BACKGROUND: Spaceflight alters human cardiovascular dynamics. The less negative slope of the fractal scaling of heart rate variability (HRV) of astronauts exposed long-term to microgravity reflects cardiovascular deconditioning. We here focus on specific frequency regions of HRV. METHODS: Ten healthy astronauts (8 men, 49.1 ± 4.2 years) provided five 24-hour electrocardiographic (ECG) records: before launch, 20.8 ± 2.9 (ISS01), 72.5 ± 3.9 (ISS02) and 152.8 ± 16...
December 2016: Heliyon
https://www.readbyqxmd.com/read/28028082/a-variable-instar-climate-driven-individual-beetle-based-phenology-model-for-the-invasive-asian-longhorned-beetle-coleoptera-cerambycidae
#7
R Talbot Trotter, Melody A Keena
Efforts to manage and eradicate invasive species can benefit from an improved understanding of the physiology, biology, and behavior of the target species, and ongoing efforts to eradicate the Asian longhorned beetle (Anoplophora glabripennis Motschulsky) highlight the roles this information may play. Here, we present a climate-driven phenology model for A. glabripennis that provides simulated life-tables for populations of individual beetles under variable climatic conditions that takes into account the variable number of instars beetles may undergo as larvae...
December 2016: Environmental Entomology
https://www.readbyqxmd.com/read/28018618/airplane-tracking-documents-the-fastest-flight-speeds-recorded-for-bats
#8
Gary F McCracken, Kamran Safi, Thomas H Kunz, Dina K N Dechmann, Sharon M Swartz, Martin Wikelski
The performance capabilities of flying animals reflect the interplay of biomechanical and physiological constraints and evolutionary innovation. Of the two extant groups of vertebrates that are capable of powered flight, birds are thought to fly more efficiently and faster than bats. However, fast-flying bat species that are adapted for flight in open airspace are similar in wing shape and appear to be similar in flight dynamics to fast-flying birds that exploit the same aerial niche. Here, we investigate flight behaviour in seven free-flying Brazilian free-tailed bats (Tadarida brasiliensis) and report that the maximum ground speeds achieved exceed speeds previously documented for any bat...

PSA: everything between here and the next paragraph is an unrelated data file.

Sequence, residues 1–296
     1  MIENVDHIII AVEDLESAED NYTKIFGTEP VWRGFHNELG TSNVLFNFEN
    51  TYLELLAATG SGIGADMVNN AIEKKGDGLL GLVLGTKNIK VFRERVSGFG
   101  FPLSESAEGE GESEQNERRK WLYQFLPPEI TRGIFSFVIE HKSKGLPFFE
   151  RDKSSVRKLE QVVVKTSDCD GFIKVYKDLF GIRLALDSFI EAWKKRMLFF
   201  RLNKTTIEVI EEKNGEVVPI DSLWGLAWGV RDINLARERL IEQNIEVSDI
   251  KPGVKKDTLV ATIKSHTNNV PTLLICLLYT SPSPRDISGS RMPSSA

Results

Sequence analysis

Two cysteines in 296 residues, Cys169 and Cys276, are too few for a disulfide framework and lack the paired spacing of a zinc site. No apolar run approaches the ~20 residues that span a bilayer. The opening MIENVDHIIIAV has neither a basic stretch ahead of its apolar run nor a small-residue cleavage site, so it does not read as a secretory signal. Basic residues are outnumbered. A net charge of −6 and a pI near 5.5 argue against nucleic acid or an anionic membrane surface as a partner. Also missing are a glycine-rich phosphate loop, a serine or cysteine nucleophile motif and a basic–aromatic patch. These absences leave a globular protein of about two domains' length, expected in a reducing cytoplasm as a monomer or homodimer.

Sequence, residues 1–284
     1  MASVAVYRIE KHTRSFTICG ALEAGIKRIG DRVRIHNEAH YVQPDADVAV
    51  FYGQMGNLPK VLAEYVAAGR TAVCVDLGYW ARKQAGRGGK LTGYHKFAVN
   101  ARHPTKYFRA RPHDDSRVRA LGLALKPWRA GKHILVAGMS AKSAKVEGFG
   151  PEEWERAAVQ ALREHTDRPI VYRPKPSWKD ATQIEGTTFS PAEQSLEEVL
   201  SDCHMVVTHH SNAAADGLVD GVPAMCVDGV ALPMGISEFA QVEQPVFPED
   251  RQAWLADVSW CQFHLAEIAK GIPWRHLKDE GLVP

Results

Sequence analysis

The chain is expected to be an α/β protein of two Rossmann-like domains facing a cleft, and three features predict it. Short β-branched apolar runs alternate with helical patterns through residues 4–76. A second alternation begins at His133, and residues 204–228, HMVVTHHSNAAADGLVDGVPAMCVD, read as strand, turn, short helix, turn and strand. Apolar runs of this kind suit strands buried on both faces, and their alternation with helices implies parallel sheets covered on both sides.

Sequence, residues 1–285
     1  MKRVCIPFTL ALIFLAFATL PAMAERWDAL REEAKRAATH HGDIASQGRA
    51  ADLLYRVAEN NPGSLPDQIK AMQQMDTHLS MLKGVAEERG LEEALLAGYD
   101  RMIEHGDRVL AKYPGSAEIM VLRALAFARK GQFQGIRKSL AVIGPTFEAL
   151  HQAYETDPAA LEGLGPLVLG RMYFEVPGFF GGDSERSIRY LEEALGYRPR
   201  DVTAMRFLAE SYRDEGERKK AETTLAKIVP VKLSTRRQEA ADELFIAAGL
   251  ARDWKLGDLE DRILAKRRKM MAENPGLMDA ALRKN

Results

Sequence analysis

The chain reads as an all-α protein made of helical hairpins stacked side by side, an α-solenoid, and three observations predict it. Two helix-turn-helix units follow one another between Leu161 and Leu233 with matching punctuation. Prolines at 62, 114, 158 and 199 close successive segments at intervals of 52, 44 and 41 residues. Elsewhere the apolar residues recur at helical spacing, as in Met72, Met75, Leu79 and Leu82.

November 2016: Royal Society Open Science
https://www.readbyqxmd.com/read/28012301/psychophysiological-reactivity-of-currently-dental-phobic-remitted-dental-phobic-and-never-dental-phobic-individuals-during-exposure-to-dental-related-and-other-affect-inducing-materials
#9
André Wannemueller, Dirk Adolph, Hans-Peter Joehren, Simon E Blackwell, Jürgen Margraf
Psychophysiological responses indicating the preparation of defensive behaviour, such as heart rate (HR)-increase and startle-response (SR) potentiation, have often been reported amongst individuals suffering from phobic disorders when exposed to phobia-related information. Although exposure is widely considered the 'gold standard' for treatment of Specific Phobia, it is unclear to what extent psychophysiological defensive response patterns change following treatment, and whether any changes are maintained...
December 14, 2016: Behaviour Research and Therapy
https://www.readbyqxmd.com/read/28011823/predator-stress-induced-immunosuppression-trade-off-immune-redistribution-or-immune-reconfiguration
#10
Shelley A Adamo, Russell H Easy, Ilya Kovalko, Jenna MacDonald, Ashleigh McKeen, Taylor Swanburg, Kurtis F Turnbull, Catherine Reeve
Although predator exposure increases the risk of wound infections, it typically induces immunosuppression. A number of non-mutually exclusive hypotheses have been put forward to explain this immunosuppression, including: trade-offs between the immune system and other systems required for anti-predator behaviour, redistribution of immune resources towards mechanisms needed to defend against wound infections, and reconfiguration of the immune system to optimize defense under the physiological state of fight-or-flight readiness...
December 23, 2016: Journal of Experimental Biology
https://www.readbyqxmd.com/read/28010809/deeply-torpid-bats-can-change-position-without-elevation-of-body-temperature
#11
Tomáš Bartonička, Hana Bandouchova, Hana Berková, Ján Blažek, Radek Lučan, Ivan Horáček, Natália Martínková, Jiri Pikula, Zdeněk Řehák, Jan Zukal